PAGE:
Consistent daily use of pre-exposure prophylaxis, or PrEP, can reduce the risk of HIV infection by 92 percent, but the drug becomes much less effective when taken inconsistently.
Adhering to a daily regimen of any medication can be a challenge, so to assist health care providers in treating patients at risk for contracting HIV, CUNY SPH Professor Christian Grov, DPH student Javier Lopez-Rios, and MPH student Alexa D’Angelo co-led a study into the strategies PrEP users can employ to remember to stay on track with their daily doses. The study was published in the journal Prevention Science.
The researchers conducted one-on-one interviews with 103 gay and bisexual men on PrEP about the factors that contribute to missing a dose and the strategies they use to remember to take it. Participants reported that changes to one’s routine, forgetting, and being away from home were common causes of a lapsed dose. The survey found that nearly all participants in the sample reported using at least one adherence strategy—integrating PrEP into an existing routine such as morning hygiene rituals, using a pillbox, or setting reminders on their phones—to help them remember to take their daily dose.
“Daily PrEP adherence was overall very high in this sample,” says Grov, the study’s lead author. “On average, participants only missed 1.6 doses in the last 30 days. We believe that adherence was high because participants were using these strategies.”
Although PrEP is highly effective even in the event of an occasional missed dose, current FDA guidelines for PrEP recommend it to be taken daily in order to maximize its effectiveness.
“It can be challenging for an otherwise healthy individual to incorporate a new daily pill regimen, and medical providers might consider recommending any number of the strategies we identified for their patients who are either worried about, or struggling with, adherence,” Grov says.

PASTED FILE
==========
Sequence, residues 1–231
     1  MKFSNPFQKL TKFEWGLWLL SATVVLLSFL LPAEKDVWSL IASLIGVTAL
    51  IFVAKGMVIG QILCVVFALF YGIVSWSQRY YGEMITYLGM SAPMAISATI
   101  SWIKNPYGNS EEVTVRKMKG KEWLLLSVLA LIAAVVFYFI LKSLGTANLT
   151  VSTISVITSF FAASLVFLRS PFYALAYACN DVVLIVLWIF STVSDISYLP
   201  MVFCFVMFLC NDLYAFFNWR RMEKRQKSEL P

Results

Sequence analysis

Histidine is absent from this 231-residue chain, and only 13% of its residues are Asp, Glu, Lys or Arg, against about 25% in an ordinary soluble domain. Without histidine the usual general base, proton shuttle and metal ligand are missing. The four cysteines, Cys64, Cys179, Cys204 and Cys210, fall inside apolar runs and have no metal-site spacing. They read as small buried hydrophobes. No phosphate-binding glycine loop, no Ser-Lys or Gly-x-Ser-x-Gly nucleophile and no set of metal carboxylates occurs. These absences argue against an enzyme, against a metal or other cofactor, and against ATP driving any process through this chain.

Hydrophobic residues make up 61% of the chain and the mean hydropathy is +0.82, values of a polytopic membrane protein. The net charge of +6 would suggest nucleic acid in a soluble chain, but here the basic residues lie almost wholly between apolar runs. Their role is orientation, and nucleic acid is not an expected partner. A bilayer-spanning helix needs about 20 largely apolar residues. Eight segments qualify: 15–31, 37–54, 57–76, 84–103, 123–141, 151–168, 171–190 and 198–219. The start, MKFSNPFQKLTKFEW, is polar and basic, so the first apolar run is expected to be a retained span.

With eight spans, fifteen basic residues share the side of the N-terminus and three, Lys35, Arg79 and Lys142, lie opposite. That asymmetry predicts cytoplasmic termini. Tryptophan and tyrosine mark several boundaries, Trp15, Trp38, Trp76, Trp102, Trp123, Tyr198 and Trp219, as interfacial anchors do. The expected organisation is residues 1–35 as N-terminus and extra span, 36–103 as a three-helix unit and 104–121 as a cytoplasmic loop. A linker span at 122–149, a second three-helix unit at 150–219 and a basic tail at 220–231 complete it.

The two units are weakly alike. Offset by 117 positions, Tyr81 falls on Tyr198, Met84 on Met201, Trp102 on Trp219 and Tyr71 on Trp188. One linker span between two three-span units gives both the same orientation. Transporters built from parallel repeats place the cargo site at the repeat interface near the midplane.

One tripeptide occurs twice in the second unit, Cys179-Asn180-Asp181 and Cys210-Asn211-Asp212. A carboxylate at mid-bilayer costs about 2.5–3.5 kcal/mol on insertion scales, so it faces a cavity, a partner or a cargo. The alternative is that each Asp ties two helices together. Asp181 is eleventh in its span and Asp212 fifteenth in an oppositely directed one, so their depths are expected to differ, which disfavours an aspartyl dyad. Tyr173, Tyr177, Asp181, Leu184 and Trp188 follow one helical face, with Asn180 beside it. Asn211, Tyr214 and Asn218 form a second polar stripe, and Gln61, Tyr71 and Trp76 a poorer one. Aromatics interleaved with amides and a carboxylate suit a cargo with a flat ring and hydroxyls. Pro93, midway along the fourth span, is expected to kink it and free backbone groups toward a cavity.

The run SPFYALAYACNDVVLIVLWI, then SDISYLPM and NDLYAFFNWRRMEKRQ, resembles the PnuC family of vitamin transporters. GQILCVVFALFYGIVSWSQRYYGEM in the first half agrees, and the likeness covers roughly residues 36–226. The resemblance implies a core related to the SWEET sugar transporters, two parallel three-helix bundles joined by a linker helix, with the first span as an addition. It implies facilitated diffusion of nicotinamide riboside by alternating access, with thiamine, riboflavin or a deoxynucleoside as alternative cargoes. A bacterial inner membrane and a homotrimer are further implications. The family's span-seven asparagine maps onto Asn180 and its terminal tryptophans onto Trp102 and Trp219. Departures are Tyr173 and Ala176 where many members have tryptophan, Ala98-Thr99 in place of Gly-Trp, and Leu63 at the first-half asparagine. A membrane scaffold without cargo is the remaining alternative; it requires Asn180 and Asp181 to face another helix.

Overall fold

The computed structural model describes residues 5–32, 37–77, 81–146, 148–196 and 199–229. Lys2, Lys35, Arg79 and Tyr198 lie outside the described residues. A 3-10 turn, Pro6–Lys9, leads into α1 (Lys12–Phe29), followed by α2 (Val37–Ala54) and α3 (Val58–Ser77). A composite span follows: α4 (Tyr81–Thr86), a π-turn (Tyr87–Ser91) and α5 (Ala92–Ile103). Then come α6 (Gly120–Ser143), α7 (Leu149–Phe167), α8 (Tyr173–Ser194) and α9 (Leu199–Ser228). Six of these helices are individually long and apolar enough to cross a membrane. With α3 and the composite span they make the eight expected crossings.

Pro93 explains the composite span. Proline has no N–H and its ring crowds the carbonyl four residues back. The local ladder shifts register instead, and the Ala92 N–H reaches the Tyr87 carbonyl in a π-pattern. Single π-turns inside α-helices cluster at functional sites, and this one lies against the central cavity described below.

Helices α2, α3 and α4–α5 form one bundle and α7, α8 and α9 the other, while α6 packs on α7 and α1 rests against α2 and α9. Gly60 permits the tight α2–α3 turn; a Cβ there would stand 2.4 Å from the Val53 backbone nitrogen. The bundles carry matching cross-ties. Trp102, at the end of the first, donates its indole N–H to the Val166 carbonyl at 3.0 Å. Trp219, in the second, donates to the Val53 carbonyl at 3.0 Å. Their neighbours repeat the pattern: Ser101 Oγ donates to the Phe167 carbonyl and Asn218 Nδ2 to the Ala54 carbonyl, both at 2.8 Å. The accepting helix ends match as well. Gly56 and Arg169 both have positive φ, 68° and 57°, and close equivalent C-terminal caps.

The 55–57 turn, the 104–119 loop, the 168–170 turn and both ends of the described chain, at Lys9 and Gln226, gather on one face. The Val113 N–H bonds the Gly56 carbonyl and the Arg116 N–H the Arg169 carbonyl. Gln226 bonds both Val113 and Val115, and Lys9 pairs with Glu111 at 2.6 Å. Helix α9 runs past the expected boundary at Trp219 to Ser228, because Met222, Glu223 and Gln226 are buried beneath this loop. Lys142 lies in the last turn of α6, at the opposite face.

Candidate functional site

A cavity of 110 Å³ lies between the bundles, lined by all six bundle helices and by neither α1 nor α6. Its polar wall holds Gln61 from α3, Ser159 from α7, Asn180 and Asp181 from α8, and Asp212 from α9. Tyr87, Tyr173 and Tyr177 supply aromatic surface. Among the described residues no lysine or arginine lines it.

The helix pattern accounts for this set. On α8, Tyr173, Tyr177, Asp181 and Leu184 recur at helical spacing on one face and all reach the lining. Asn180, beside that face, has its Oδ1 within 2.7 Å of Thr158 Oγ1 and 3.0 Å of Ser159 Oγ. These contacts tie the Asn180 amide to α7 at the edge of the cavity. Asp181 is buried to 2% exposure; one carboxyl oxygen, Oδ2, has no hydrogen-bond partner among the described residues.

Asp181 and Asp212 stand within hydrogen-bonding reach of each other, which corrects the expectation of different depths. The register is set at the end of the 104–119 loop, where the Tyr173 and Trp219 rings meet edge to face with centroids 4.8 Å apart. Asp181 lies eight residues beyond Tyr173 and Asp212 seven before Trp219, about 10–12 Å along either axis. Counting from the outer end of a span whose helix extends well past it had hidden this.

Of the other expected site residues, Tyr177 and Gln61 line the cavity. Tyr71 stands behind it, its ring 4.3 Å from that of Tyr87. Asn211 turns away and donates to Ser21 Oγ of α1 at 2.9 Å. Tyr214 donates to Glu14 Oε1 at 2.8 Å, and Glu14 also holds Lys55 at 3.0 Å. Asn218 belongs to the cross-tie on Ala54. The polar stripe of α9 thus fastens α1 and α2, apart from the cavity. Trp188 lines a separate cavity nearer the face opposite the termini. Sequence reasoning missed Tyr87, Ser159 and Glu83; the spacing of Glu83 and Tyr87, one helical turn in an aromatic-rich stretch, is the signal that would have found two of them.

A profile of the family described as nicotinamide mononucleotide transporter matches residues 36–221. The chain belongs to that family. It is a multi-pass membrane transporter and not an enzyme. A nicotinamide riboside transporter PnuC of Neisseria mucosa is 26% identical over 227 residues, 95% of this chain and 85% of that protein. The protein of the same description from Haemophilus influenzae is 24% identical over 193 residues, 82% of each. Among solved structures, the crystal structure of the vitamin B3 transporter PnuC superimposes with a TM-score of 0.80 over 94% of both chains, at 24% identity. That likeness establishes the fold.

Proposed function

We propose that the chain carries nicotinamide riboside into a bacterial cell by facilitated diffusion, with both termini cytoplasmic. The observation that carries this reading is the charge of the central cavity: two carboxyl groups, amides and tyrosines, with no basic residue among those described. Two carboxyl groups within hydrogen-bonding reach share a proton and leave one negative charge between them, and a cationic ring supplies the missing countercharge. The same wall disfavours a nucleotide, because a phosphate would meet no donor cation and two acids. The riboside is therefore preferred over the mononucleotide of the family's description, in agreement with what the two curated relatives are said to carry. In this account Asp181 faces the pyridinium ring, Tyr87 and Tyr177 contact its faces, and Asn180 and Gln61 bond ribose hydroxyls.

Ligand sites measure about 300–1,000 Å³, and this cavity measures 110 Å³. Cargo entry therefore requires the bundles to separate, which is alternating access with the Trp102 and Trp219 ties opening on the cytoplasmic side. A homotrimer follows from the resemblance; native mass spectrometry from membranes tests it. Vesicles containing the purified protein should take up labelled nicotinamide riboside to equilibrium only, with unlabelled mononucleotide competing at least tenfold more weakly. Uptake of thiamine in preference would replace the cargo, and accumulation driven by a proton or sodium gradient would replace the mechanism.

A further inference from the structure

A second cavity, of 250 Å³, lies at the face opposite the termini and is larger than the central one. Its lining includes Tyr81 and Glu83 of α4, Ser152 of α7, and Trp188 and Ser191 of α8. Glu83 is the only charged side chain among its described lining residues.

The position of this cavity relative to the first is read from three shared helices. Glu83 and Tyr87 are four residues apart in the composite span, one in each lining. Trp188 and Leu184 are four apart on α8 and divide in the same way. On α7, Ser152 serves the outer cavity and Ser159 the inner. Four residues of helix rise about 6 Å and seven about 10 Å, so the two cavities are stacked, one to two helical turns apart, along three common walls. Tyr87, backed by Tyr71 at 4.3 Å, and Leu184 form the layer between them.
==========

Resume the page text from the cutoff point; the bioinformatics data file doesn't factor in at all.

PrEP & Me was funded by the National Institute of Drug Abuse (R21- DA039019, PI: Grov).
About the Institute for Implementation Science in Population Health at the City University of New York.
The CUNY Institute for Implementation Science in Population Health (ISPH) was founded on the notion that substantial improvements in population health can be efficiently achieved through better implementation of existing strategies, policies, and interventions across multiple sectors. We study how to translate and scale-up evidence-based interventions and policies within clinical and community settings in order to improve population health and reduce health disparities. CUNY ISPH. Pursuing population health gains through better implementation. cunyisph.org Follow us on Twitter: @CUNYISPH.
For more information, contact:
Christian Grov, PhD
Chair, Community Health and Social Sciences, CUNY School of Public Health
Investigator, CUNY Institute for Implementation Science
Grov C, Flynn AW, D’Angelo AB, Lopez-Rios J, Pantalone DW, Holloway IW, Parsons JT. Gay and Bisexual Men’s Strategies to Maintain Daily Adherence to Their HIV Pre-exposure Prophylaxis (PrEP) Medication: Results from a Qualitative Study. Prev Sci. 2019 Jan;20(1):168-177. doi: 10.1007/s11121-019-0985-y. Link to article >>
Republished with permission from the original.